A scenic fishing village with an intriguing history, strong Native influence, and an artistic soul, Ketchikan is arguably the most captivating Alaskan port of call. Set at the heart of the Tongass National Forest—the largest national forest in the United States—the town stretches for 31 miles along the coast of Revillagigedo Island on the Inside Passage. The region is home to three tribes of Northwest Coast Indians—the Tlingit, Haida, and Tsimshian—and hand-carved replicas of totem poles dot the city’s parks and streets. Founded as a cannery site in 1885, Ketchikan was once known as the “Canned Salmon Capital of the World.” All five species of wild Pacific salmon still make an annual return from the ocean to the creeks and streams near the town on their way to spawn, attracting an amalgamation of other wildlife species along their journey. With an array of cultural and historical attractions in town and nature’s finest playground as its backyard, Ketchikan offers recreational activities to suit any taste.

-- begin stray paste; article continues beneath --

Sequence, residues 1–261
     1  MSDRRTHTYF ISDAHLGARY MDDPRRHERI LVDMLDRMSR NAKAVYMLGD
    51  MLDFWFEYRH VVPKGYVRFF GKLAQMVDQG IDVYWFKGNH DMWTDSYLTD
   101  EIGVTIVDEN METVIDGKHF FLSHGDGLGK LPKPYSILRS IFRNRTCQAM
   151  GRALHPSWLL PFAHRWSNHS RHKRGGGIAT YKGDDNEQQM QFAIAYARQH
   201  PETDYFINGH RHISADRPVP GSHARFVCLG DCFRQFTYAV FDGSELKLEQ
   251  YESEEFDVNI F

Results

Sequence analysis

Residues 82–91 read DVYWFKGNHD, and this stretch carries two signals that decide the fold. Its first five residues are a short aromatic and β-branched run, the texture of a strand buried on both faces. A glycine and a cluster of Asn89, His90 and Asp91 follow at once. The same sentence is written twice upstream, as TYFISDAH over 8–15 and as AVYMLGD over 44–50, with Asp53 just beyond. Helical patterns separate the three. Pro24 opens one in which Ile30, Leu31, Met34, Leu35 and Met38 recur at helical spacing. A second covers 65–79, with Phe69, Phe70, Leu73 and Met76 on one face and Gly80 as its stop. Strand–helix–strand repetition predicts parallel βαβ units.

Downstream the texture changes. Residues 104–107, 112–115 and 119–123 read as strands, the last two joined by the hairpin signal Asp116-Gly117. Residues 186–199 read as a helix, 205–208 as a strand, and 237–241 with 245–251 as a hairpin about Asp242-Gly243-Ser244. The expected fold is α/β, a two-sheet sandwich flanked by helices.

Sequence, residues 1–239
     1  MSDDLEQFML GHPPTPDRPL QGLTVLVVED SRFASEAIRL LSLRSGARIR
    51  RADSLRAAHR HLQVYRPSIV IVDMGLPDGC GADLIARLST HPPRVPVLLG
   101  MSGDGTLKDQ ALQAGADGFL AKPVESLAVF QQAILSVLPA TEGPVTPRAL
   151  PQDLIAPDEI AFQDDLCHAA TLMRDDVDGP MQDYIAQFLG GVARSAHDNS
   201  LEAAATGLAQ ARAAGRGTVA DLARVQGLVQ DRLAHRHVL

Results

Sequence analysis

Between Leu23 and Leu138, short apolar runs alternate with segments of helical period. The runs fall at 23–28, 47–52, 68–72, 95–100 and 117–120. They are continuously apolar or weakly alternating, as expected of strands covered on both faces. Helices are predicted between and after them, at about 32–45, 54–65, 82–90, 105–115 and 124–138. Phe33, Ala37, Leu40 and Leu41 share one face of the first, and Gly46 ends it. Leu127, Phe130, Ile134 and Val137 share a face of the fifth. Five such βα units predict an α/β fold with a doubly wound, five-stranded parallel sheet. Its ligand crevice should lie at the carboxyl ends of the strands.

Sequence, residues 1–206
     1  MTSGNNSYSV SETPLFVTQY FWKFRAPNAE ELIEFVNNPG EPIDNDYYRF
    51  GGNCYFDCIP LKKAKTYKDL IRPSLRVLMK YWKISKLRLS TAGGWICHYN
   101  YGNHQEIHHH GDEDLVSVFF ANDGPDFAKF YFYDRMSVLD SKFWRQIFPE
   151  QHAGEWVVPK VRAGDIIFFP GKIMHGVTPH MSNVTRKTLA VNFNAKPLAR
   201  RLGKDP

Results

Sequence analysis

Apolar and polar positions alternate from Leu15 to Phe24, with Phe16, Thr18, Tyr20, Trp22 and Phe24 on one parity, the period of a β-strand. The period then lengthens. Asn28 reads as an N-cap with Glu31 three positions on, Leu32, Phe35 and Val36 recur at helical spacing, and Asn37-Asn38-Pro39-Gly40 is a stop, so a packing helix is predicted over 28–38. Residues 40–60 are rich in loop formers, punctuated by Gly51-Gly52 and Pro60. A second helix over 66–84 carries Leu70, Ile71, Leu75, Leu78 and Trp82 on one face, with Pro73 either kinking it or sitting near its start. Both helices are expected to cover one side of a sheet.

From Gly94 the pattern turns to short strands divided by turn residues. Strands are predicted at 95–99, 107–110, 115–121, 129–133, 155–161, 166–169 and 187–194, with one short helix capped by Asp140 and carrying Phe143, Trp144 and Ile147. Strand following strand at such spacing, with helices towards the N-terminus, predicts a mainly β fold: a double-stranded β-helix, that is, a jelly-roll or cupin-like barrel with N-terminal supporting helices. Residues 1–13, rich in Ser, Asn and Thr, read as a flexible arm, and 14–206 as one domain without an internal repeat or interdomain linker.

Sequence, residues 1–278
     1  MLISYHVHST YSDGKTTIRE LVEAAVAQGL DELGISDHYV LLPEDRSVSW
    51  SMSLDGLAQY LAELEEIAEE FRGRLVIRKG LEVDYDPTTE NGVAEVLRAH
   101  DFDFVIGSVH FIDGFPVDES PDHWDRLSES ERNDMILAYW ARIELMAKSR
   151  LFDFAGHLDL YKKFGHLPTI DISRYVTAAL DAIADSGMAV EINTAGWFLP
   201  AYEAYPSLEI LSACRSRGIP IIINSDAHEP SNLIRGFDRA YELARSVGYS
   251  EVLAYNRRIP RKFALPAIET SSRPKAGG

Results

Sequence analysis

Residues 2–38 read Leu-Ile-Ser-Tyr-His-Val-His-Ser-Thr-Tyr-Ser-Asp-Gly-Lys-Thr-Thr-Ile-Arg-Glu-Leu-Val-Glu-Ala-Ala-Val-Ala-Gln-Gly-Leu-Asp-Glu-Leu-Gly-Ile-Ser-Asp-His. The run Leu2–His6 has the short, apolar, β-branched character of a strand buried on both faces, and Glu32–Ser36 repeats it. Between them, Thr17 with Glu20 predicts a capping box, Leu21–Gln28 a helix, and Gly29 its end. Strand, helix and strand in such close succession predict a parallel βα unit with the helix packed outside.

A Misty Fjords Flightseeing
Fly between majestic snowcapped mountains, cascading waterfalls and, endless miles of lush forest at Misty Fjords National Monument.
Lighthouse, Totems, and Eagles
Alaska’s culture, wildlife, and history comes to life on a three-hour bus and boat tour to Tongass National Forest, Totem Bight State Historical Park, and Guard Island Lighthouse.
Wilderness Exploration and Crab Fest
Discover Ketchikan’s local flavors at the historic George Inlet Lodge. Upon your arrival you’ll board a seven-mile cruise and enjoy a menu of Dungeness crab.